Types of Mobile Phishing
Mobile phishing is becoming more prevalent and more difficult to spot
In recent years, hackers have moved away from traditional mediums like email. Instead, mobile phishing is their new approach and are targeting services like SMS, WhatsApp, Facebook, and fraudulent mobile apps.
Cybercriminals are adept at using social engineering techniques to make their content appear authentic. Research has found that mobile users are 3 times more likely to fall for phishing attempts compared to their desktop-using counterparts. Let’s explore the channels they are exploiting.
Top mobile phishing channels:
- Social media
- Malicious apps
‘Smishing’ is popular because it focuses the attack on an often overlooked component of organizational cybersecurity: text messaging. The attacker sends a text to the victim’s phone that persuades them to click a link found in the message. Clicking this link results in one of two possibilities:
One – the link loads a phishing page, tricking the user to input their login credentials.
Two – it initiates a silent download of surveillance spyware to the device. Ultimately, the attacker’s aim is to gain unauthorized access to personal, sensitive and corporate data.
With open rates of 98%, too often is this attack successful.
Social media is another method attackers are using. While companies prioritise security for workplace desktops, they generally ignore (or forget) mobile devices. This leaves the user free to engage with and download potentially malicious content.
The problem arises when they do inevitably engage with a malicious link embedded in a social media post. This is an extremely common way to trick unsuspecting users into revealing personal information and other sensitive credentials.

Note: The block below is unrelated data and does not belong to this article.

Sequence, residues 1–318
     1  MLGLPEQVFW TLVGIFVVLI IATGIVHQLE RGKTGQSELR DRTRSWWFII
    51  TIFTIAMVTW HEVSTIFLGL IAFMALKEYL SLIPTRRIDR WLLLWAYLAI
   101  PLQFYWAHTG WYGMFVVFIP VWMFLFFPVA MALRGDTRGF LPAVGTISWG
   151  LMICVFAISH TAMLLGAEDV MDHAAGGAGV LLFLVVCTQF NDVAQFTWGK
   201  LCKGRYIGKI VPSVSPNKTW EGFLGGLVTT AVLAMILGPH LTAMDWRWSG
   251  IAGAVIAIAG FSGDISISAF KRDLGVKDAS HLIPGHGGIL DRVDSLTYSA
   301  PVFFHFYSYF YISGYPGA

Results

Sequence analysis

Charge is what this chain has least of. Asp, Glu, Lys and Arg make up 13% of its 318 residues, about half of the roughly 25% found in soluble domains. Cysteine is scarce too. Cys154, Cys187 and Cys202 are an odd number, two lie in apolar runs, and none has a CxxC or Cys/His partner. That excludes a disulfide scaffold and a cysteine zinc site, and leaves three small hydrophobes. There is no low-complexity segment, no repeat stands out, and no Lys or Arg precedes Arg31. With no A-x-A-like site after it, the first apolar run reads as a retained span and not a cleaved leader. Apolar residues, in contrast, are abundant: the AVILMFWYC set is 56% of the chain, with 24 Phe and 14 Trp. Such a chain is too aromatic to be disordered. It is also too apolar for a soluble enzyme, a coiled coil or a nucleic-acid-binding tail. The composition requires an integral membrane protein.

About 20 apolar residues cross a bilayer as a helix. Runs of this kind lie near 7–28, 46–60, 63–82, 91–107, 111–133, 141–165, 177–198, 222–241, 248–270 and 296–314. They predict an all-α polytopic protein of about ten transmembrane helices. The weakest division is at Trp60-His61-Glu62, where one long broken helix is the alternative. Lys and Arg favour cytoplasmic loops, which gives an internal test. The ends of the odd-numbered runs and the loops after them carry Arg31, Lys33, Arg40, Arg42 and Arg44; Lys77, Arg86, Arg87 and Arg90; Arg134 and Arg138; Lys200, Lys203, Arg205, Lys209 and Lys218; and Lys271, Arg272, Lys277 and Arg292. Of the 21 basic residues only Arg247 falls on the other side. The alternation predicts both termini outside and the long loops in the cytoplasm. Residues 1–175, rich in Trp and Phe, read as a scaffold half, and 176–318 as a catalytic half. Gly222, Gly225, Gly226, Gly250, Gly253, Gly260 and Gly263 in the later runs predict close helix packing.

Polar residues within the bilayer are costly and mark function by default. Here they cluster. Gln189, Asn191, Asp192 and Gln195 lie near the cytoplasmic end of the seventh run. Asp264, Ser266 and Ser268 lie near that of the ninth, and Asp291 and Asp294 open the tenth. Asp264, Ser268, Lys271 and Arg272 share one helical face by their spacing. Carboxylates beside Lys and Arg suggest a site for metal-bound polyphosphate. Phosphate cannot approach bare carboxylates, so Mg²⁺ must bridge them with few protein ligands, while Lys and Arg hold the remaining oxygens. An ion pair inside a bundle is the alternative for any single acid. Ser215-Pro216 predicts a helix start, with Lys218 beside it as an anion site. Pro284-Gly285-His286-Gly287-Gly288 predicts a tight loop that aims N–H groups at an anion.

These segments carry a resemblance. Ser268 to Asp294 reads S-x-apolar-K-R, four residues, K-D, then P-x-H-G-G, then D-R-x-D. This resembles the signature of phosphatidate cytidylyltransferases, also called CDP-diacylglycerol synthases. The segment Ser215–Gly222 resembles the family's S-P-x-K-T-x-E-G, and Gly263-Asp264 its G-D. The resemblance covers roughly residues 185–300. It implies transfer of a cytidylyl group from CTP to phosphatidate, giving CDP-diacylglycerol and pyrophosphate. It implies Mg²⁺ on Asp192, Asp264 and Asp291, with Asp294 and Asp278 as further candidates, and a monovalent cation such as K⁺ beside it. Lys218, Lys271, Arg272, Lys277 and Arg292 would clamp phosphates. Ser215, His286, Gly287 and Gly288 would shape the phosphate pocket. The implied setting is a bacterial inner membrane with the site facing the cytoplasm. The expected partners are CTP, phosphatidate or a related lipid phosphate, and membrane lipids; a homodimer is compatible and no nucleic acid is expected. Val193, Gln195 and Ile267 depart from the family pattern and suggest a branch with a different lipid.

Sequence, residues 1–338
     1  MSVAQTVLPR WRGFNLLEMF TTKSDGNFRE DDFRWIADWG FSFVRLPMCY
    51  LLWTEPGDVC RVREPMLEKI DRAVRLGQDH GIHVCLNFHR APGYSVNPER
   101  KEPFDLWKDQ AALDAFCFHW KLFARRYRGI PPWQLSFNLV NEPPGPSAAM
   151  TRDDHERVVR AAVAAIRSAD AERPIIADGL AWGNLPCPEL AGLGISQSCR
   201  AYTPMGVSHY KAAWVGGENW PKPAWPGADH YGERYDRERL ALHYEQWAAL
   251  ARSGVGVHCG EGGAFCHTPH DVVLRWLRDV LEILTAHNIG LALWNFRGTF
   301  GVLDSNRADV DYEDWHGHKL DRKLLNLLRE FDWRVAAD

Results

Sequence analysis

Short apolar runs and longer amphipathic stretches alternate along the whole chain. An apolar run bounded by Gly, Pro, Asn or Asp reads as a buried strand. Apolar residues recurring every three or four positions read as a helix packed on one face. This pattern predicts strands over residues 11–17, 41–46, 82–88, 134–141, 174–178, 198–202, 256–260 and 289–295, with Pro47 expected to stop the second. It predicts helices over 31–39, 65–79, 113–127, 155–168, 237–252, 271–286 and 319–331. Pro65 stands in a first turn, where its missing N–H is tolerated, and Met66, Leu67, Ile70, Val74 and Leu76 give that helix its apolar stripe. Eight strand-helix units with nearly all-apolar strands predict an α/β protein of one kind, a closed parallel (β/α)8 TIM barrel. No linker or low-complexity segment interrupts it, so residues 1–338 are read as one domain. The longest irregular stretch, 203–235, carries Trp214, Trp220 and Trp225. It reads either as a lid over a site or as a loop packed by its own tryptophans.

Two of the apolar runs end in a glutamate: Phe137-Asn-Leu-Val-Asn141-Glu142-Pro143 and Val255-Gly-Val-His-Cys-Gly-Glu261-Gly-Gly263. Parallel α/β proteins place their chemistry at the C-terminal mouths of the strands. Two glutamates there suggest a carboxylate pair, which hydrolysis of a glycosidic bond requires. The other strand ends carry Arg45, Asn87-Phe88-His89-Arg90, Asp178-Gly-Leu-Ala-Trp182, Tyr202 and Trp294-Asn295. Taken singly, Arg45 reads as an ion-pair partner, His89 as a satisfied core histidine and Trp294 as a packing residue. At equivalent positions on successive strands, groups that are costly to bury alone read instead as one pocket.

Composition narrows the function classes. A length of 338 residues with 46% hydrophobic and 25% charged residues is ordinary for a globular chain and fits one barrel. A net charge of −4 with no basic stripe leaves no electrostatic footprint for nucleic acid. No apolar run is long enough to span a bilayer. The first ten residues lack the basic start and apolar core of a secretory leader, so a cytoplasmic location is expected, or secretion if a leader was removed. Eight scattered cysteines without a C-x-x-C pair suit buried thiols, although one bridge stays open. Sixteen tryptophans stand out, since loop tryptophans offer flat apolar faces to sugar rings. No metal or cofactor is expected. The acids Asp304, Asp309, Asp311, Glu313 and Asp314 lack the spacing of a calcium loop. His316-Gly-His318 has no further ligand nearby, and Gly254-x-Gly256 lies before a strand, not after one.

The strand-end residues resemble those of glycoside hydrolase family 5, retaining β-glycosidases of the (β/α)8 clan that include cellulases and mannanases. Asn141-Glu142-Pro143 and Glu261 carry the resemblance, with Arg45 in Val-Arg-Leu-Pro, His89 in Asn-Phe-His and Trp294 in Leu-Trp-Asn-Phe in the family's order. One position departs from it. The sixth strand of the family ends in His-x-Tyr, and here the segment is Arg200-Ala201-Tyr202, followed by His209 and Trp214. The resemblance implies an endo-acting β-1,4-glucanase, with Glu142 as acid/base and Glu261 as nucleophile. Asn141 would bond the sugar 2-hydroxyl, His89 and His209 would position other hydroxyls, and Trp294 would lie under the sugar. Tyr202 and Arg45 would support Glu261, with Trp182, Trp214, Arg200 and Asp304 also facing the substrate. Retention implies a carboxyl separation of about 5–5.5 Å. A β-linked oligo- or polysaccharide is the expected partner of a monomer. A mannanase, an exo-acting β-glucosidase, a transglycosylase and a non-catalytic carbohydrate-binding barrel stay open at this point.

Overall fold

Malicious links appear across the board, and not just for the most popular sites such as Facebook, Twitter and Instagram. Even professional networking platform, LinkedIn, has been known to play host to similarly malicious phishing attempts. These attacks put both user and organization at tremendous risk.
Whishing and Messaging-Based Attacks
‘Whishing’ is the term coined to describe WhatsApp phishing. Because Whatsapp enables communication with anyone else on the platform, phishers can target a huge amount of users with the same blanket message. It’s a cheap and relatively easy way to quickly reach lots of users, which is why whishing is becoming especially prevalent.
Again, the mechanics are as simple as clicking a malicious link in a Whatsapp message but the consequences are anything but innocent.
WhatsApp-based phishing, like any phishing attack, can be neutralized by blocking connections to the phishing server using a web gateway. However, today’s web gateways only work for devices on the corporate network. Mobile devices by their very nature, function on any network putting them at risk of phishing attacks.
Malicious applications arrive in different forms. The first is from unofficial app stores. Users may unknowingly download a mobile application riddled with malware. There’s no enforceable guarantee that the download is the desired app. Often, the malware only activates after the app installation.
Another entry point for phishing attacks is through malicious apps on official app stores. There have been countless cases of app removals from iOS and Android app stores.
Malicious apps on official app stores are generally, until Google or Apple themselves declare, undetectable. Corporate desktops have a regimented and pre-approved list of software. On the contrary, mobile devices are free to download any app from any network.
How can organisations protect themselves against mobile phishing attacks?
The first step is bridging any gaps in existing enterprise security, which we’ve found usually presents itself through insufficient or non-existent mobile security solutions. While corporate-owned desktops and laptops are secured from day one, organizations need to remember to safeguard their mobile fleet too. Corrata has helped financial institutions like Ulster Bank secure their devices from such malicious attacks.
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